But note: we can't share what we don’t already have. Our belief (faith and repentance) does not create our reconciliation (our inclusion; also referred to by Paul as our "adoption") - it does not create our true identity as God’s children. Rather, we believe because we are already included/adopted. Through belief, we come alive to what is already true. Like the prodigal son, we turn our hearts to the home we already have with the father who already loves and accepts us.

Note also that no one is able to declare that Jesus is Lord, except by the Spirit that draws them to the Son. Thus personal belief is, itself, a sign of the Spirit's presence with, and work in, that person prior to their belief. Then as a believer responds to the Spirit's work, there are deeper "fillings" of the Spirit in their life of growth in Christ. This filling is not some sort of mechanical, automatic, cause-and-effect process - indeed it is part of a dynamic, ongoing relationship with God, made possible for us by Jesus as, in the Spirit, he shares with us his transformed humanity. Jesus opened the door for all of us to be indwelt by his very Spirit.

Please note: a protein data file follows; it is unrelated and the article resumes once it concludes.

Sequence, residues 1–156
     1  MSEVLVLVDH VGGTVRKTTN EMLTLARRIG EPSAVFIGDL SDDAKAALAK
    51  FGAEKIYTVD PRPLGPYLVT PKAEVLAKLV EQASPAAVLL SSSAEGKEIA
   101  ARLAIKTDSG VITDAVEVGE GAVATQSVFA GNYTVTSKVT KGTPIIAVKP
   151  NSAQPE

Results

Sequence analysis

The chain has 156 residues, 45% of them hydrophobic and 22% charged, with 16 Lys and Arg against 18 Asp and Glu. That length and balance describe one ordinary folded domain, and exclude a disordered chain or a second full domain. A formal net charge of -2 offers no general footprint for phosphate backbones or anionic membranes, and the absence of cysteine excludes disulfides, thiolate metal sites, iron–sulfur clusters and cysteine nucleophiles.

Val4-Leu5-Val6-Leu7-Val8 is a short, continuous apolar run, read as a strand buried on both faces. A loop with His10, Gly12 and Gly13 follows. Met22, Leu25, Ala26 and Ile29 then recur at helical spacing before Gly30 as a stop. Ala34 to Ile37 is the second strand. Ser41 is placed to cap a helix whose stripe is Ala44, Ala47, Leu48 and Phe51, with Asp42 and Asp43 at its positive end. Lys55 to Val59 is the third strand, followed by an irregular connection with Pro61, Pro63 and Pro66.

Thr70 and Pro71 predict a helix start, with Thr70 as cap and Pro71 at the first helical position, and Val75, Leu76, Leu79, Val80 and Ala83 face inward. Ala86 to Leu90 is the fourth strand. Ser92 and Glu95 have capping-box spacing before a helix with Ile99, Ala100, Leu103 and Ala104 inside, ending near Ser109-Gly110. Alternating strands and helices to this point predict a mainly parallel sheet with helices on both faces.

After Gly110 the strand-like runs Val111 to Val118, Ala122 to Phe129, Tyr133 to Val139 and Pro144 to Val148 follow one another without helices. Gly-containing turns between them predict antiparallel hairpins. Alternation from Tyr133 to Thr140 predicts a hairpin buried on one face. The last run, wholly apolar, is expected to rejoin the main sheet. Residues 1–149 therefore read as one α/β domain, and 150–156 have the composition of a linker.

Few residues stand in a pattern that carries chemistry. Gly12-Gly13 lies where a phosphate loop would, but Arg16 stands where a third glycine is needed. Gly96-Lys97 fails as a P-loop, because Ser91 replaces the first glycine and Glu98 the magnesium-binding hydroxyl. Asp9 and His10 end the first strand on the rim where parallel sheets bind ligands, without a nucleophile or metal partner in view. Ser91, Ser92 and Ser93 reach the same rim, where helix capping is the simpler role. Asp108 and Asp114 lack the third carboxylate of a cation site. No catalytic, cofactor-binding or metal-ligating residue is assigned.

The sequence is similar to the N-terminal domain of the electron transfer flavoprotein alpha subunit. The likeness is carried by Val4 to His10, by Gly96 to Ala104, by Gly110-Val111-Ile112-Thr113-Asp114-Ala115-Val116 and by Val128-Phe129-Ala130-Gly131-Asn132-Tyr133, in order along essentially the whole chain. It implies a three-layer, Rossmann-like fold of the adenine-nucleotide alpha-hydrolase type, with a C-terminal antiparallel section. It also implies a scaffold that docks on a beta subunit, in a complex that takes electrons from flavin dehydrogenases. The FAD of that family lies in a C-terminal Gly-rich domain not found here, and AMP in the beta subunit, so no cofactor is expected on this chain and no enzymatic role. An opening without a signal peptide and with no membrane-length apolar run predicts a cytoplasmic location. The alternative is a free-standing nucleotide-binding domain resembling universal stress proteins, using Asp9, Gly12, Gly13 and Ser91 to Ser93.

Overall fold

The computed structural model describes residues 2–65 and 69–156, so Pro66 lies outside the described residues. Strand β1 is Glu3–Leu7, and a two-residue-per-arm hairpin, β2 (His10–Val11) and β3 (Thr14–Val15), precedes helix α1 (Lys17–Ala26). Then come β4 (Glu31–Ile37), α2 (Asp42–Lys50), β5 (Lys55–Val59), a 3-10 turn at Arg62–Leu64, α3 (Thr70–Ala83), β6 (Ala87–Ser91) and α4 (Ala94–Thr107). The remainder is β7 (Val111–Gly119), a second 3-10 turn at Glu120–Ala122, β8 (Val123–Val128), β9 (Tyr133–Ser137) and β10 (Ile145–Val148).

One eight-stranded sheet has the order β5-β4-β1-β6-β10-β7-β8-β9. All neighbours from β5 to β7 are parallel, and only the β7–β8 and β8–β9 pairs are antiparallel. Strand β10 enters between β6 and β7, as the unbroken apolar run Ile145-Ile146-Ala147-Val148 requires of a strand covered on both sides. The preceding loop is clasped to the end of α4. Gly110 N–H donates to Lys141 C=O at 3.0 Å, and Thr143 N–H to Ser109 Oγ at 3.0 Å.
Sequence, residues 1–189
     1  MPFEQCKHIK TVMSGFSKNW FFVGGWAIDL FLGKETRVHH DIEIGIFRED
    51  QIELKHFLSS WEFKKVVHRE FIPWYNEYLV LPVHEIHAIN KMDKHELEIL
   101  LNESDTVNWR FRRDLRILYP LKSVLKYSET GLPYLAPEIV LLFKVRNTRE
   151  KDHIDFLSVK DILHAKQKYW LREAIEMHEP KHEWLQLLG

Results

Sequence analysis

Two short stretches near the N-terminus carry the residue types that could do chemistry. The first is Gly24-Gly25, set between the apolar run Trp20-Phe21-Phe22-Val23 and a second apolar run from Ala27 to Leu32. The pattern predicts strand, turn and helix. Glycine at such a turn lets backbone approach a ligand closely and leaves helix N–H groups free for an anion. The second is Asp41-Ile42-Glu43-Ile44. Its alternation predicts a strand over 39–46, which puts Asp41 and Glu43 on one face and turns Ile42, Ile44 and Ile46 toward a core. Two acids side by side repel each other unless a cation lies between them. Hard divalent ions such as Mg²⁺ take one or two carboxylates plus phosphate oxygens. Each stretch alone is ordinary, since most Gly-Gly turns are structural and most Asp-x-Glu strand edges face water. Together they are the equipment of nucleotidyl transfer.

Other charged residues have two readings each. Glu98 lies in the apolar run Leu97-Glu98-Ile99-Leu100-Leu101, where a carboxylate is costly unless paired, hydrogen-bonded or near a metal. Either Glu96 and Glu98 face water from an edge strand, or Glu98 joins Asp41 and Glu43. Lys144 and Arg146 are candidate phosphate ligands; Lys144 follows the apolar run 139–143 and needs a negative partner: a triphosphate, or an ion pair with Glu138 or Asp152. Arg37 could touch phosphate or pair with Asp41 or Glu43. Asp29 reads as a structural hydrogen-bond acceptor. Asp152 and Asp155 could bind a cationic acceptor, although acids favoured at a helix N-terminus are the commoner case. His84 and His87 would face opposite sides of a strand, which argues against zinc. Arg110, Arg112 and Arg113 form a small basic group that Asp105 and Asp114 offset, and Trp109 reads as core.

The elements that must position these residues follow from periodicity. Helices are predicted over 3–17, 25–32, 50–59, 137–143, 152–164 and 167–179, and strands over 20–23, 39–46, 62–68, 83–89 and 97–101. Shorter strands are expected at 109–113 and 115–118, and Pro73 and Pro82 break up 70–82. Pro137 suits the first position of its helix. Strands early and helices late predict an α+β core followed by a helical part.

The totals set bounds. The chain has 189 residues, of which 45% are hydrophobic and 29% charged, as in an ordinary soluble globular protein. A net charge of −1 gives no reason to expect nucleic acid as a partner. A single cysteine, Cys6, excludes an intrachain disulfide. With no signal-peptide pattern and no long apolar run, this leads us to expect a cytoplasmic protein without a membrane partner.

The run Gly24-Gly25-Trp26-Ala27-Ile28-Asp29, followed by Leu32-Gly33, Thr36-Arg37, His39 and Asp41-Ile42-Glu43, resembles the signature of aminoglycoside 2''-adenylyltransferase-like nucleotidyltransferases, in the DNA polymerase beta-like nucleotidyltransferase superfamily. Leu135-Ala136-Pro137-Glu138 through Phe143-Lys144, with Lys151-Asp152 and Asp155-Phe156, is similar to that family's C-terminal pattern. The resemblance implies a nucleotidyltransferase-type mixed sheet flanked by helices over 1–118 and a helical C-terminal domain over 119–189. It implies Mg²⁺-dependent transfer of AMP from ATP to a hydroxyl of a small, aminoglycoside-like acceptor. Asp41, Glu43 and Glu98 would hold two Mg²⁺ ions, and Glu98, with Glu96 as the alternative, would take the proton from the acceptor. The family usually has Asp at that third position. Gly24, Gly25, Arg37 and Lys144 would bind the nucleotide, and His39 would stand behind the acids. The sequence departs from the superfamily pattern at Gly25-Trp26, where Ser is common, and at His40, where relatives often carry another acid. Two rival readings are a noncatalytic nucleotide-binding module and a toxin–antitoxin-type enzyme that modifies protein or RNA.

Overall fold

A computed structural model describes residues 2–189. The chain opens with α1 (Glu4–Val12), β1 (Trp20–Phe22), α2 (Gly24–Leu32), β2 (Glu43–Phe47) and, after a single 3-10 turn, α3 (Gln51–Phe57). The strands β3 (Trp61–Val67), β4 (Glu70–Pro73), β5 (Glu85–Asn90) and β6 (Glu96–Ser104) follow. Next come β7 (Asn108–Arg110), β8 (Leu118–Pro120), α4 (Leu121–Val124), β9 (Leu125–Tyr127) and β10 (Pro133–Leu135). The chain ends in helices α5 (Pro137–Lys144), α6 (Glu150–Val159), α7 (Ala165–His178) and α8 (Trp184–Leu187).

Comments

  1. Thanks! I think this subject is worthy of our careful thought and elaboration! It brings up good Gospel food for thought! For further exploration and thoughts on the same subject, check out this interesting post on Dr. Baxter Kruger's blog at:

    http://baxterkruger.blogspot.com/2009/04/identity-and-experience.html

    I found it very helpful and insightful, too!

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  2. Ted,

    Thank you for sharing your continuing insight. It really helps me to grasp the all-encompassing work of the Holy Spirit in the lives of believers and "yet-to-be" believers.

    Can you please explain for me, in light of this understanding, what might King David have been referring to when he prayed to God, "Please do not take your Holy Spirit from me"?

    Also, in Numbers 11, where God states that he will take of the Spirit he gave to Moses and give it to the elders of Israel, is he really just stating that he will awaken their awareness of the Spirit already at work in them?

    Thanks,
    Thom

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  3. Thanks Tim and Thom for your comments.

    Thom, you inquired concerning the meaning of David's prayer of repentance to God when he said, "Create in me a pure heart, O God, and renew a steadfast spirit within me. Do not cast me from your presence or take your Holy Spirit from me" (Psa 51:10-11).